To commemorate this April 4th memorial of Martin Luther King’s assassination, a friend sent me this 9-minute video of excerpts from King’s speeches – a short 9-minute history that not only allows us to think of King as one of our very best, but also a true prophet of God. He would be 82 now.
Dr. King’s whole 22-minute speech against the War in Vietnam:
Dr. King made this anti-Vietnam War speech on April 4, 1967.
He was assassinated one year later, to-the-day: April 4, 1968.
Hang On, Sloopy was a hit when I was in 7th grade. I was just becoming aware of the Vietnam War, but it wasn’t much on my mind; I had problems closer to home. Other songs I remember most from that year are Satisfaction, which played in heavy rotation in the little cafeteria where we waited to be picked up after the school bus dropped us off, and I Think We’re Alone Now, which suited my teenage desire for privacy and rejection of my parents and authority in general.
It’s interesting that, in the comments on this video at YouTube, some see it as promoting war or honoring vet, or condemn ruining a good song with unrelated pictures from a war — everyone seeing it in a different light, depending on their own world view and experience.
Fortunately, ignorant comments get offset by those from people who might have a better grasp on what they are talking about (and the world beyond themselves in general).
Grunt6869 says “I had ”[H]ang on Sloopy” written on my steel pot=helmet During my tour in Vietnam 68-69…” and fffreddie remembers that “[t]his song came out just the start of the Vietnam conflict. Our service men would play music to help forget the horror they were in. It still helps. Now some of the negative comments are from morons.”
I concur with fffreddie. If music was unrelated to current events, we would not have film soundtrack albums, or “hear” songs in our heads when we see old images, mementos or people. The video in my head for Hang On, Sloopy doesn’t have these images of a foreign war — it has school lunchrooms and buses, a pink bedroom and an AM radio — but this video might be a better reflection of the historical record.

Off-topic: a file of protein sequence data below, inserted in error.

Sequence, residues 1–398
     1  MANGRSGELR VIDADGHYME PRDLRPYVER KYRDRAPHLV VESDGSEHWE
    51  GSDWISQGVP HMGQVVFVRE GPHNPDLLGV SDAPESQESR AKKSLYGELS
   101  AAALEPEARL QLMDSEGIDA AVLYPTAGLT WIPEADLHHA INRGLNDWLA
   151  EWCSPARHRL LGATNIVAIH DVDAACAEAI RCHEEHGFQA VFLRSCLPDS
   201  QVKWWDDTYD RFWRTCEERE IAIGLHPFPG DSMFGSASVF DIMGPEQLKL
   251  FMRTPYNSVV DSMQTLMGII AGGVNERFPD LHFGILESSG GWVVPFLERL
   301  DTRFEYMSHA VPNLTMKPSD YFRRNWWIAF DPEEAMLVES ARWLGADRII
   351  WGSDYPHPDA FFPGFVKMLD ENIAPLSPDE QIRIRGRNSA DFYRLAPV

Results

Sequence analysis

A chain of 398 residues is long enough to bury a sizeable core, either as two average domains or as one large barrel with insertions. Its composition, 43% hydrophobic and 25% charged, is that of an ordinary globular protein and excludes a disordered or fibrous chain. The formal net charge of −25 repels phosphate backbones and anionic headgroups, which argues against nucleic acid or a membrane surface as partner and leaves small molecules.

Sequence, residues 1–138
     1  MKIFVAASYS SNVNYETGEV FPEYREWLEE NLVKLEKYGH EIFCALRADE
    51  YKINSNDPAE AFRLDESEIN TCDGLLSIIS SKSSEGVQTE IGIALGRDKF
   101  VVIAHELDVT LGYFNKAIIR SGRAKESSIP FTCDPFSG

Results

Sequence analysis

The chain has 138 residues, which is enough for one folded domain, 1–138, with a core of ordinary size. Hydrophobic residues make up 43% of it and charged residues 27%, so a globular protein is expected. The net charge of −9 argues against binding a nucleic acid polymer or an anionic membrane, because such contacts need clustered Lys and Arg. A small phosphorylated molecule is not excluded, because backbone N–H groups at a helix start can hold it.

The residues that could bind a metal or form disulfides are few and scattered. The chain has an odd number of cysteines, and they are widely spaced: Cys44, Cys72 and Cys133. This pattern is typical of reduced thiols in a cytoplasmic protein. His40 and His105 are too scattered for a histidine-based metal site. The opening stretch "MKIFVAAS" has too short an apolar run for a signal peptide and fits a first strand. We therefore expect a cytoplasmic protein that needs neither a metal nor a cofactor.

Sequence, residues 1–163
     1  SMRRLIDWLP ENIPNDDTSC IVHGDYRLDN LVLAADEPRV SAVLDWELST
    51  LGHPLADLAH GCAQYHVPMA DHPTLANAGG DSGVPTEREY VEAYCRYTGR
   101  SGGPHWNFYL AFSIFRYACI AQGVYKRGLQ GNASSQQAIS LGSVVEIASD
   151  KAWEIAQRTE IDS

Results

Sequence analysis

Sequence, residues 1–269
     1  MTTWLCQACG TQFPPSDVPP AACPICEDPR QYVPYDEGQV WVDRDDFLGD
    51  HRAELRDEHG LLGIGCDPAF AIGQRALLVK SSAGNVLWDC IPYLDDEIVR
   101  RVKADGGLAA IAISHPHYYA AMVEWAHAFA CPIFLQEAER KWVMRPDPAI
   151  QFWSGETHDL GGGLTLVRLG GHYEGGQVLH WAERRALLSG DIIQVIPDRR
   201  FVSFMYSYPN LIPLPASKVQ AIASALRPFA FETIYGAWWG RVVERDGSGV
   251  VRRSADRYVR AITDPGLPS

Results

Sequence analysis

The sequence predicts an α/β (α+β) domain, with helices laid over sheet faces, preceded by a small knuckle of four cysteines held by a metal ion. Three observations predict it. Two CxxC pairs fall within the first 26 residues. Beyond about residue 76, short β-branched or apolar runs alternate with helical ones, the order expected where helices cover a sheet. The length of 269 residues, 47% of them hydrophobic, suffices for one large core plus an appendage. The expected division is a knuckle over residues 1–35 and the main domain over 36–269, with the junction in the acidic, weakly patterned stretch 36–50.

Happy Christmas to all my Christian friends and readers (all two of you!). This video cracks me up. It starts with Bettie Page pinup shots followed by vintage home videos of moms and kids in front of the Christmas tree, all with Brenda Lee belting out “Rockin’ Around the Christmas Tree.” What could possibly be more American?
Back on September 26, I joined the band MoonSue and friends as they filmed a music video on the steps of the Oklahoma State Capitol. My photos are here. Now the video has been released. The song has been playing on some of the Spanish language stations for a few weeks, and reportedly getting good response. I’m not into music, but I am into the message this group and this song is about.
Dennos Libertad is a song written and performed by MoonSue, in an effort to promote peace and unity across the United States, between all people, regardless of background, ethnicity, race, or creed. It is also intended to reassure all citizens of this country that all anyone wants is life, liberty, and the pursuit of happiness.